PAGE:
Is there a procedure to have bad or outdated information removed from a summit’s page? For example, W4G/HC-043 says that the summit is a drive-up and that the Riverside Day Use area, which is the best trailhead, is closed.
However, the drive-up route was through an under-construction subdivision which is now gated. The Riverside Day Use area is open, and has been since at least Nov 2019, the last time I visited.
Usual procedure is to provide an updated entry. I am in the process of doing a dead link cull, but this won’t fit into that.
Maybe you could add a button to the summit pages that allowed a user to report a required update? If it’s right there in front of a user it’s more likely to get used than if they have to go search the contact/FAQ page for the right person/procedure.
Surely the difficulty is who will check all these updates to ensure they are accurate? A chronological progression will end up with old information which may be inaccurate but if it’s dated and newer information is available the user can make their own choices.
The problem is that some people don’t take the time to read everything. They will see something and then think “Oh, well I’m gonna go ahead and swing by this drive up on the way home” without reading further.
There is the question of who would vet the new information, but no one vets the old information. Maybe something to flag a comment as “Possibly outdated” rather than removing it.
I added comments to the summit in question with updated info. Hopefully people will take notice.
My point of view on that:
Wiki approach is the way to go. Add version control to articles and links and let the SOTA community fix the errors. Including deleting false information, fixing links and so on.
Yes, that is ultimately the aim. Time, etc.
The site could be flagged to indicate that a potential, but unverified problem exists. This could be done quickly, long before it is officially verified. It would give notice that, before one sets out on a hike, they should look into this a bit further. It would seem reasonable that anyone could set the flag to warn that there may be a problem and one should check further.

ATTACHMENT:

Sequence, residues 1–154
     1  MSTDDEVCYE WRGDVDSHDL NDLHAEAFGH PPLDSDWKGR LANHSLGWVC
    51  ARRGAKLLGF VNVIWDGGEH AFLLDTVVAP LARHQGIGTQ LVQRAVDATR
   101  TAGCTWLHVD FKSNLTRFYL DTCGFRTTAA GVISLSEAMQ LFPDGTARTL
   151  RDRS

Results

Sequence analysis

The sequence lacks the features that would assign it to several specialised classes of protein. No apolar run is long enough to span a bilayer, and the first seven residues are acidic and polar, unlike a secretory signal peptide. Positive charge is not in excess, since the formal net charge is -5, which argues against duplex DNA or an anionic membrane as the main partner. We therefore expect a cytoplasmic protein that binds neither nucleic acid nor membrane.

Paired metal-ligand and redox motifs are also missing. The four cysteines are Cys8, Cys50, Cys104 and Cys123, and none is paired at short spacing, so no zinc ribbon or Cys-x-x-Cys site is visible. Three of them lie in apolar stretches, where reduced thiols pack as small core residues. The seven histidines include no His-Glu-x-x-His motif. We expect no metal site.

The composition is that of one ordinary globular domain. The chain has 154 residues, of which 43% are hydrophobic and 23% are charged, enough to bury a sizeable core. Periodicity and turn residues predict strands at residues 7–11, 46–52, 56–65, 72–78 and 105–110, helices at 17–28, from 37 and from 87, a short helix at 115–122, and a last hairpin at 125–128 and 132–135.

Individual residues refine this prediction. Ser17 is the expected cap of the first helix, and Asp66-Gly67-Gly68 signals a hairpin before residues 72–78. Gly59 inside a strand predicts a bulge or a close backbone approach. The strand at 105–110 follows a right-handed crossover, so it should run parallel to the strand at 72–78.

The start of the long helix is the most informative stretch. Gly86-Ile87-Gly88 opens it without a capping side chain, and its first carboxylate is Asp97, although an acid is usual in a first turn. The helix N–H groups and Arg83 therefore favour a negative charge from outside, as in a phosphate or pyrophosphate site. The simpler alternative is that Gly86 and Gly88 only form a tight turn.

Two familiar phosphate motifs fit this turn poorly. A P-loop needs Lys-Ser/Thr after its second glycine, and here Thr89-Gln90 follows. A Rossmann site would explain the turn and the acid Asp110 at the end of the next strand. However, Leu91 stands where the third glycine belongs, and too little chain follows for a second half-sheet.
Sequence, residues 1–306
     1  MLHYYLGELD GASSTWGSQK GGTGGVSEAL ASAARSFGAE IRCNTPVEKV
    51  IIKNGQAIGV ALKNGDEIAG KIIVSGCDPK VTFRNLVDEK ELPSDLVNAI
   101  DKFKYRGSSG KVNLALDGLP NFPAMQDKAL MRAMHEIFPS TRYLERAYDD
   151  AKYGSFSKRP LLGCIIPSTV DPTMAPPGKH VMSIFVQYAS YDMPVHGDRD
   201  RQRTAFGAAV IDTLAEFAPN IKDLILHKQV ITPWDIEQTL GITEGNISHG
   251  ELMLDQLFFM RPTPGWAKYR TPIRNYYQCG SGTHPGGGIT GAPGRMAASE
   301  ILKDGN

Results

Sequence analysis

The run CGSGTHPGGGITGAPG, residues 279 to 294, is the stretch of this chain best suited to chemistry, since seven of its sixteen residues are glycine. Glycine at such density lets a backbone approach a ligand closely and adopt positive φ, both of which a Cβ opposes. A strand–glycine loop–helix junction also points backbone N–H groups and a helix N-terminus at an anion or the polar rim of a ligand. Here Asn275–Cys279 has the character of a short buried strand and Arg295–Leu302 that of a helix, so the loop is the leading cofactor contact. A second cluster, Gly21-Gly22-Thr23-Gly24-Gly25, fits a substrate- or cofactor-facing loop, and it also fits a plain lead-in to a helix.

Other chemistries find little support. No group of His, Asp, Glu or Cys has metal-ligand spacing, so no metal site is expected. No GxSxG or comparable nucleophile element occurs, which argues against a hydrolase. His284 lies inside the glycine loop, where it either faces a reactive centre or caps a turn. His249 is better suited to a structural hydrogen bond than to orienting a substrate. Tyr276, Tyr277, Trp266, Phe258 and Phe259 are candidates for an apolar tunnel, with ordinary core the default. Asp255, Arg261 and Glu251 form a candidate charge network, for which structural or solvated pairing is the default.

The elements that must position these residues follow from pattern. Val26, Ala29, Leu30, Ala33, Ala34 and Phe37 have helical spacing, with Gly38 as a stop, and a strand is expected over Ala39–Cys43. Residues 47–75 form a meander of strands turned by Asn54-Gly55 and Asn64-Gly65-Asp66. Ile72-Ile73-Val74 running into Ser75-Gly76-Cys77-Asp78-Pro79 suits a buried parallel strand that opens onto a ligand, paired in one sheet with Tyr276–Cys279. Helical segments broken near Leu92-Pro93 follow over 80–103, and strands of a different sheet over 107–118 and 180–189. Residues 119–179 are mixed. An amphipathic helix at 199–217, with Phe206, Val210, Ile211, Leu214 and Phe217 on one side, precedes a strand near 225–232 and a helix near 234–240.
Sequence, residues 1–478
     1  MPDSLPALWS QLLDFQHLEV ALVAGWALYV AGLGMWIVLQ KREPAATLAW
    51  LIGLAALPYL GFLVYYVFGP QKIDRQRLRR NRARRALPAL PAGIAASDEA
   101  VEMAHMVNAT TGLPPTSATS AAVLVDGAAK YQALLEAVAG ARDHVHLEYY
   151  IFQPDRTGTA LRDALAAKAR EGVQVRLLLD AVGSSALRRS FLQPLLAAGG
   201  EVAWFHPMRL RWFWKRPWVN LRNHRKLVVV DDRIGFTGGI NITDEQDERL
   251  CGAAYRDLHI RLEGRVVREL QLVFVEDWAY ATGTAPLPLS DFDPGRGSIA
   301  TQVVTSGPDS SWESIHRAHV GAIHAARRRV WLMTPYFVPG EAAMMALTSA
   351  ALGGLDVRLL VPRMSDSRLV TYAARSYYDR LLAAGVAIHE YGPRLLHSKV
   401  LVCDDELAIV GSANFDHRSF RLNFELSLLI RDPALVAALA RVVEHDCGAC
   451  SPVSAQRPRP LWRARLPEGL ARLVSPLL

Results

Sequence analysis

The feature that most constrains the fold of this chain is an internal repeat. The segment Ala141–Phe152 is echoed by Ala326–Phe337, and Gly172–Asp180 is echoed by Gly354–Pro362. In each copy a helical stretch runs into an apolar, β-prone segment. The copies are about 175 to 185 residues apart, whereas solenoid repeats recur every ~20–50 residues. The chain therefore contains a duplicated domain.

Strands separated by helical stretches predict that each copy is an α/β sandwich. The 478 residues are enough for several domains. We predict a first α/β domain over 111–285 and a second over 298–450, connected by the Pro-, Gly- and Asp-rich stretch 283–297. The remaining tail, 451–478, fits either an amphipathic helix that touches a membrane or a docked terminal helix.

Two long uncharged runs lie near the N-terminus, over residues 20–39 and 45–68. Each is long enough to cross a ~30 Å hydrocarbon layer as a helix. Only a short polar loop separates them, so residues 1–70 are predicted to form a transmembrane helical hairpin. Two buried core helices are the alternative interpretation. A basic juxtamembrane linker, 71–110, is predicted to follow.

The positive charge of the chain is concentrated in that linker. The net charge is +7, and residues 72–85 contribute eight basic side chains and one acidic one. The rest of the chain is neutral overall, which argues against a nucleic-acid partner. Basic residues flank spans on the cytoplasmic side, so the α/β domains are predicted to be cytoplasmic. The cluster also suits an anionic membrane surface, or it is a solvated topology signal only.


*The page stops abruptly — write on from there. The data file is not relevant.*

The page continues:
I like the historic nature of the summit information postings by activators. Things change over time and the summit postings reflect the changes as well as the skill of the activators in describing accessibility. I also look at the Peakbagger web pages and Gaia maps. If an activator feels that prior postings are no longer accurate then posting update personally experienced information is helpful. I do not want a wiki style editor to “correct” prior entries.
The dead link cull is complete. About 1350 links were marked invalid, due to returning a 4xx or 5xx HTTP error code, and the API updated to not return these invalid URLs. Should the sites come back, it will be possible to readd in the links (but most of them are dead, dead).
There’s a reasonable amount of 3xx codes returned, but I did not cull these even if I suspect some of them redirect to index pages instead of returning 404.
Yesterday I’ve edit some info on the summit detail pages. All worked fine.
But when I today wanted to edit my link on CT/AL-007, the link was gone. When I tried to make a new link, it didn’t add a new link. Strange. Both the links on CT/AL-005 and CT/AL-007 are now gone after I did an edit.
OK, this is now fixed. For the dead link removal, I set a flag on the link to be valid/not valid. I have a default constraint on this column to set to Valid. The API however, rather than trying to use the constraint, silently set the result to Not Valid when inserting or editing links and articles. It’s explicitly set to Valid when adding or editing a link now.
Thanks, I just added a link to my CT/AL-004 / 005/ 007 SOTA youtube.
73, Tonnie - PA9CW